The coronavirus (COVID-19) pandemic has forced learning and training providers to shift to online mediums to deliver their content. Given health and safety concerns, this is likely to remain the norm for some time.
According to Stella Mikraki at LearnWorlds, e-learning was already growing at a 100% growth rate per year, but due to coronavirus, the demand for their virtual training platform has tripled.
“The pandemic has accelerated the evolution of e-learning into the preferred way of acquiring new skills and knowledge. Even traditional heavy structures, such as universities and schools, had to urgently transition to delivering lectures online. Systems and technology had to be updated, new processes had to be implemented and a totally new way of doing business and interacting with students and customers had to be adopted. We hated that Covid-19 had to be the catalyst, but it made us achieve in four months what would normally have taken ten years. “
In other words, virtual training is here to stay; if you deliver courses and training, you must invest in developing content tailored to online learners. This guide will help you create virtual training programs and strategies for the post-COVID era.
What is virtual training?
Many companies and individual trainers offer programs that are hosted online. They may be delivered through live webinars, self-paced video classes, PDF resources, or online quizzes and hosted through the trainer or company’s website or available on Massive Open Online Course (MOOC) platforms like EdX or Coursera.
How to set up virtual training
Online training is a different beast from in-person training. However, many best practices hold true. You must:
- Stay on topic.
- Prepare and rehearse, especially if you’ll be presenting live.
- Be concise and get to the point.
- If possible, allow space for audience interaction.
Online training is not a matter of “set and forget”. You’ll need to improve your online courses continuously if you want to stay competitive. You might update the content based on new industry developments, or change your structure or format based on student feedback.
With that said, let’s look at the two basic stages of setting up a virtual training class:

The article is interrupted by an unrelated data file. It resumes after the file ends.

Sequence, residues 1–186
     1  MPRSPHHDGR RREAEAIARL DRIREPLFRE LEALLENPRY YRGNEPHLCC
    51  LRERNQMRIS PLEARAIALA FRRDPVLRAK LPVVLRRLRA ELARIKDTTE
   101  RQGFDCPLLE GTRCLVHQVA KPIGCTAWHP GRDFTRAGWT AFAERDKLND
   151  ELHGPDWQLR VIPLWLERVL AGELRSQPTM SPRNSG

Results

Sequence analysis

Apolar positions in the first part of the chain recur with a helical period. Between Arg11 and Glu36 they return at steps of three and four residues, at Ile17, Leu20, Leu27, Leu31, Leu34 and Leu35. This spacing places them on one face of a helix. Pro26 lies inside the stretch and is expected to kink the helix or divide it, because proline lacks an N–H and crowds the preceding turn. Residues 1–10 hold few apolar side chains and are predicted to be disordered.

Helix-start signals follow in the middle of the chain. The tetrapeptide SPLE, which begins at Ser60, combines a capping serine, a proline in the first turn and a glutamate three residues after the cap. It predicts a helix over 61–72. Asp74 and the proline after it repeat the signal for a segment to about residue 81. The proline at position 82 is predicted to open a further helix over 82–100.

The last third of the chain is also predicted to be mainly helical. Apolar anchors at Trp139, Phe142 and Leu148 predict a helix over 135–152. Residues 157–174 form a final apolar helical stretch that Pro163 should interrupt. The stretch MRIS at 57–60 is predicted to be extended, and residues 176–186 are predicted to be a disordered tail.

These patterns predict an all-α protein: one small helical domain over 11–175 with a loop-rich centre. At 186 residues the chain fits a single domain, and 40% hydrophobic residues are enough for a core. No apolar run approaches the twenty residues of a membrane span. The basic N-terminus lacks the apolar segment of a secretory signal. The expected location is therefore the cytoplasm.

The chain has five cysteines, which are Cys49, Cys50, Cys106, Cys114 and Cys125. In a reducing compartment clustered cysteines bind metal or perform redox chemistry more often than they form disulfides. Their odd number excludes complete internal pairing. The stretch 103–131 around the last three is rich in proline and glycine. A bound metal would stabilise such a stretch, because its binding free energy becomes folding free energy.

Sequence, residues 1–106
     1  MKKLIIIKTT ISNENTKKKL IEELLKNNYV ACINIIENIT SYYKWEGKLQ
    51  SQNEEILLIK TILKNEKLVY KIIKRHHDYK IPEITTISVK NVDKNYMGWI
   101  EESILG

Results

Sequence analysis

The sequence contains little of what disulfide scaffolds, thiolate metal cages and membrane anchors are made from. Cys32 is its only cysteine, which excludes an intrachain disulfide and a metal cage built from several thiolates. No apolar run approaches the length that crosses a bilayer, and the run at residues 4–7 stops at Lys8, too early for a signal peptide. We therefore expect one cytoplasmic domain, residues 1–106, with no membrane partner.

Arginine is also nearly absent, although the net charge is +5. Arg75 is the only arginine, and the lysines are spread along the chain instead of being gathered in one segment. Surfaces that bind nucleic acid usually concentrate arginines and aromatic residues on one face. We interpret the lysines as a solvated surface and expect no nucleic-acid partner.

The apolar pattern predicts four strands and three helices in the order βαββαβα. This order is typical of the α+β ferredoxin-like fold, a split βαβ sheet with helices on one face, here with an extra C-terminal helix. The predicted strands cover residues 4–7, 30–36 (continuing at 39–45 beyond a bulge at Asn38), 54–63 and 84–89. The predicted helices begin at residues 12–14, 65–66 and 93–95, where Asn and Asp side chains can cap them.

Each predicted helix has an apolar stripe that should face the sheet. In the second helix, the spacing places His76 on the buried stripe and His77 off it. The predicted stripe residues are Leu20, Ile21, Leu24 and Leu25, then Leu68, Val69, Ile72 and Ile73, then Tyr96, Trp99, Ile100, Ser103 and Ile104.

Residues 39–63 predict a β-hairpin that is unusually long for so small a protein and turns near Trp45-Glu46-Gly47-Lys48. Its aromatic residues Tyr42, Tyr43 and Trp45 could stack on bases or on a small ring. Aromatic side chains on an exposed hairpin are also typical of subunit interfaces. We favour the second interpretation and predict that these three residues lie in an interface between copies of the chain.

There are numerous formats and services you can use for your virtual class.
- Web conferencing tools like Zoom offer a live format that allows you to connect with participants directly. You can also use breakout rooms for smaller group discussions.
- Platforms like YouTube or Uscreen Video Business School allow you to stream video live, or record it to post later. You can enable comments or live chat if you wish. You can even unlist your video and send confirmed participants a link, limiting the number of participants.
- Platforms like Udemy and Coursera allow you to upload your online course material for participants to access at their convenience.
- Create your own school website and market, sell and organize your courses with your own branding and advanced features like community building and marketing funnels
Virtual training opens up many possibilities. Many training providers use live videos or even create a virtual summit featuring multiple live speakers across one or more days. Others have found that recorded videos work best.
Which one is best? That depends! They all have pros and cons. You’ll need to select the best platform for your requirements and budget (I recently posted a list with reviews on my blog eduardklein.com).
The content is the most important aspect of your online training course. It must deliver value to your audience and provide them with useful and actionable takeaways.
Make sure your content meets all the following criteria:
- Addresses specific knowledge gaps or pain points.
- Robustly researched and backed up with facts, statistics, and data.
- Delivered in an engaging, interesting way (a monotone voice can make even the most interesting content seem dull!)